Nurse who thought stomach pain was due to her love for spicy food actually had cancer

Nikki was diagnosed with ovarian cancer last year (Picture: Nikki Gray/Ovacome/Liverpool Echo)

When Nikki Gray started to experience stomach pain, acid reflux, nausea and feeling full, she put it down to the spicy food she had been enjoying.

The intensive care nurse had been through ovarian cancer in 2016, which was discovered during a precautionary hysterectomy to remove a cyst found during investigations into her heavy periods.

Nikki, from Wavertree, Liverpool, had chemotherapy and was told she was cancer-free two-and-a-half years ago.

She recovered and was doing well until she started experiencing the digestive symptoms last Autumn.

The 52-year-old said: ‘I had gone back to work part-time and was getting on with my life.

‘I’d changed to a vegan diet and felt really well, but I started to get acid reflux, nausea, intermittent abdominal pain and feeling full.

‘I thought maybe it was because I was eating a spicy diet, but after four weeks of changing what I ate it made no difference.’

Now concerned, she spoke to her oncologist who had discharged her two and a
half years before.

A blood test and CT scan revealed that her ovarian cancer had returned and she re-started chemotherapy in January which she is responding well to.

She will go through another three cycles of chemotherapy, followed by a clinical trial – but has been told the cancer cannot be cured.

She said: ‘I’ve found it really hard this time, suffering the cumulative effects of treatment.

‘I’ve been told that I’m treatable but not curable, and so I plan to move into my mum’s extension so that she can look after me when I feel unwell or have no energy.’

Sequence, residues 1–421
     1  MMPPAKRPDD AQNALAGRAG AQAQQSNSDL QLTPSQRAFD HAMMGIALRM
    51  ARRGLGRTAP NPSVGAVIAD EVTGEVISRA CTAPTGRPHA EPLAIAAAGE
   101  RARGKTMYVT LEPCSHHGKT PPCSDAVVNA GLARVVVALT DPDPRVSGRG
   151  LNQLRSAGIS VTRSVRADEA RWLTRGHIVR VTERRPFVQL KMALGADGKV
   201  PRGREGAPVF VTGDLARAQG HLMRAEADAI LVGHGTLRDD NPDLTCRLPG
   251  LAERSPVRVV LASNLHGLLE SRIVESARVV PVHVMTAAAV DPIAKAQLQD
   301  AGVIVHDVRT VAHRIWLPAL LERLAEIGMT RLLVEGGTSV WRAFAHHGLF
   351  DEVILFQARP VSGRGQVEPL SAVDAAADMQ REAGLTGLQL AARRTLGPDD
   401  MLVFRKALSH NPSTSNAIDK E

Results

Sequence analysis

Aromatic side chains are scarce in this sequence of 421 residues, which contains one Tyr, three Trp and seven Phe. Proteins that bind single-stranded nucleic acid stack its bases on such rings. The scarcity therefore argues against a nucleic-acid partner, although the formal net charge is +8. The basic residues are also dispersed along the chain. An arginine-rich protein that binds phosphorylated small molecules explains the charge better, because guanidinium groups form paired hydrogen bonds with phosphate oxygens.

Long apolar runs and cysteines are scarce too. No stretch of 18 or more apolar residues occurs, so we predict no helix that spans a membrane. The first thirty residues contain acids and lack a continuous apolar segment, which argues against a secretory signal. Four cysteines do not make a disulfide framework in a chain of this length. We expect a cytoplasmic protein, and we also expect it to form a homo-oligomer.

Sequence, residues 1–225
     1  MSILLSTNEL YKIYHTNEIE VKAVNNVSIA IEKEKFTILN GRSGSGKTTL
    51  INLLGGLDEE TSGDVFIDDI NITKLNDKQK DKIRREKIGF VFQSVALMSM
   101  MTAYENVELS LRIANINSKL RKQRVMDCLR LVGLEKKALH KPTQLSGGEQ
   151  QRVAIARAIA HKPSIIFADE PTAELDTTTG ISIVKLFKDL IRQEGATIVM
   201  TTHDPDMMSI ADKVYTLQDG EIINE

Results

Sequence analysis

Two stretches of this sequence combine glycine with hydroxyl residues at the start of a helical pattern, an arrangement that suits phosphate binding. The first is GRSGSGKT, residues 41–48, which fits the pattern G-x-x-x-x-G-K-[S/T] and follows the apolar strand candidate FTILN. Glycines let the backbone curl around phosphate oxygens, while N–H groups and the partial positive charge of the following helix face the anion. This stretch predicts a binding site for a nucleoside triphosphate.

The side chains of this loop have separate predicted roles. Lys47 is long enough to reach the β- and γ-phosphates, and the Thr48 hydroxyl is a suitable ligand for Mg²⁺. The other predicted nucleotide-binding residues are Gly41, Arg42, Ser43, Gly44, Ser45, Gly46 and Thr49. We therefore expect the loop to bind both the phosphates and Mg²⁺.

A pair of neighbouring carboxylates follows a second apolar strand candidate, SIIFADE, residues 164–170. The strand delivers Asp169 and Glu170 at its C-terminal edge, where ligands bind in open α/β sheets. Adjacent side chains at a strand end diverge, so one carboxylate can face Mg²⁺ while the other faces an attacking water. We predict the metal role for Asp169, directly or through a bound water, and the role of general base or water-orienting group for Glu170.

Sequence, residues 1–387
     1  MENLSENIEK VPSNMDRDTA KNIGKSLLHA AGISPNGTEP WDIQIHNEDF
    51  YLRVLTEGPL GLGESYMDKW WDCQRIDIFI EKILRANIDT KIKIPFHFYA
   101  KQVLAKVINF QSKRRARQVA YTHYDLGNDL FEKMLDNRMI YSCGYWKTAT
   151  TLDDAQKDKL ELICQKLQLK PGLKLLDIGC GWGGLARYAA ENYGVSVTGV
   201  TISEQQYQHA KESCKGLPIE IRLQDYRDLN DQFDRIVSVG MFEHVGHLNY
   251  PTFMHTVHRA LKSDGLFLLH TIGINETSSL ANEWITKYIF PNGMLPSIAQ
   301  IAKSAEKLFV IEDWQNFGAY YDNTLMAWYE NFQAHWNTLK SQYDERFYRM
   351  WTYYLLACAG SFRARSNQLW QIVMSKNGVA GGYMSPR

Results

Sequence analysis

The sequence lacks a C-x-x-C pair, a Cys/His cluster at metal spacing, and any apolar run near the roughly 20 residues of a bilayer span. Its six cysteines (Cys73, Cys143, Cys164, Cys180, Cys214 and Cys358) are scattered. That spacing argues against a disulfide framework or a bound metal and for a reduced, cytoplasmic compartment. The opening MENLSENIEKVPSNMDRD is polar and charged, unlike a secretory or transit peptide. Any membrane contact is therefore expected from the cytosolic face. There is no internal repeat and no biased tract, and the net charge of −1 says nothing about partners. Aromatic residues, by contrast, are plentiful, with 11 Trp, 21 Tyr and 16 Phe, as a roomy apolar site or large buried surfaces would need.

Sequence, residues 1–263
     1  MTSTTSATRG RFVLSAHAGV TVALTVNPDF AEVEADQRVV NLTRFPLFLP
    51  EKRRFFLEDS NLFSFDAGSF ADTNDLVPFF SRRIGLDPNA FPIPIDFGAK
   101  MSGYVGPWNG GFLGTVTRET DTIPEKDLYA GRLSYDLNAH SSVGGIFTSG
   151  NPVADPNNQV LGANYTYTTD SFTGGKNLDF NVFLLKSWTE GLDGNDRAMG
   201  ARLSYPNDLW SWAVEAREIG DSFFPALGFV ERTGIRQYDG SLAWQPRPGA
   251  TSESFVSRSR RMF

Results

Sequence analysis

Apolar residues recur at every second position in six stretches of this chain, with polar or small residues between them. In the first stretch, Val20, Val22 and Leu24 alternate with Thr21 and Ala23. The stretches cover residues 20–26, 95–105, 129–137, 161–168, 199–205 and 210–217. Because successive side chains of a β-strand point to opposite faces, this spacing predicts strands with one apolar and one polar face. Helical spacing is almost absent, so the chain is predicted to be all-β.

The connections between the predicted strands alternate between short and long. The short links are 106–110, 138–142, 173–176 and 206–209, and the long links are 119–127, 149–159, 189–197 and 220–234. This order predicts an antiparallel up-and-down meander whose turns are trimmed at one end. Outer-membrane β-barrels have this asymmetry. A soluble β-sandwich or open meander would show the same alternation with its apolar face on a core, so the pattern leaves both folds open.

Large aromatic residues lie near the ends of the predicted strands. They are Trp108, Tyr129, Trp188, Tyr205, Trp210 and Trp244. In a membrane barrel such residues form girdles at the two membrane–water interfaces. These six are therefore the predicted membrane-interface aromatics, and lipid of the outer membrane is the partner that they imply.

Nikki wants to raise awareness of all the symptoms of ovarian cancer as she knows they can easily be put down to other minor things, delaying diagnosis.

The symptoms of ovarian cancer

Charity Ovacome uses the acronym BEAT to help people recognise the symptoms of ovarian cancer

B is for bloating that does not come and go;

E is for eating difficulty and feeling full more quickly;

A is for abdominal and pelvic pain felt most days;

T is for toilet changes in urination or bowel habits.

The Alder Hey nurse said: ‘A lot of ladies think that the cervical smear test will pick up ovarian cancer, which it won’t.

‘Others confuse symptoms with irritable bowel syndrome or the menopause.

‘Being forewarned is forearmed so women can be their own advocate in getting help.’

Nikki hopes that women will take on the message to get themselves checked out.

She said: ‘I used to be very active, a gym-goer, an advanced scuba diver who enjoyed rambling and travelling to far-flung places.

‘This has changed now that I don’t have much energy, but I am so pleased that my treatment is working and that I can help to raise awareness of this disease which affects women of all ages.’

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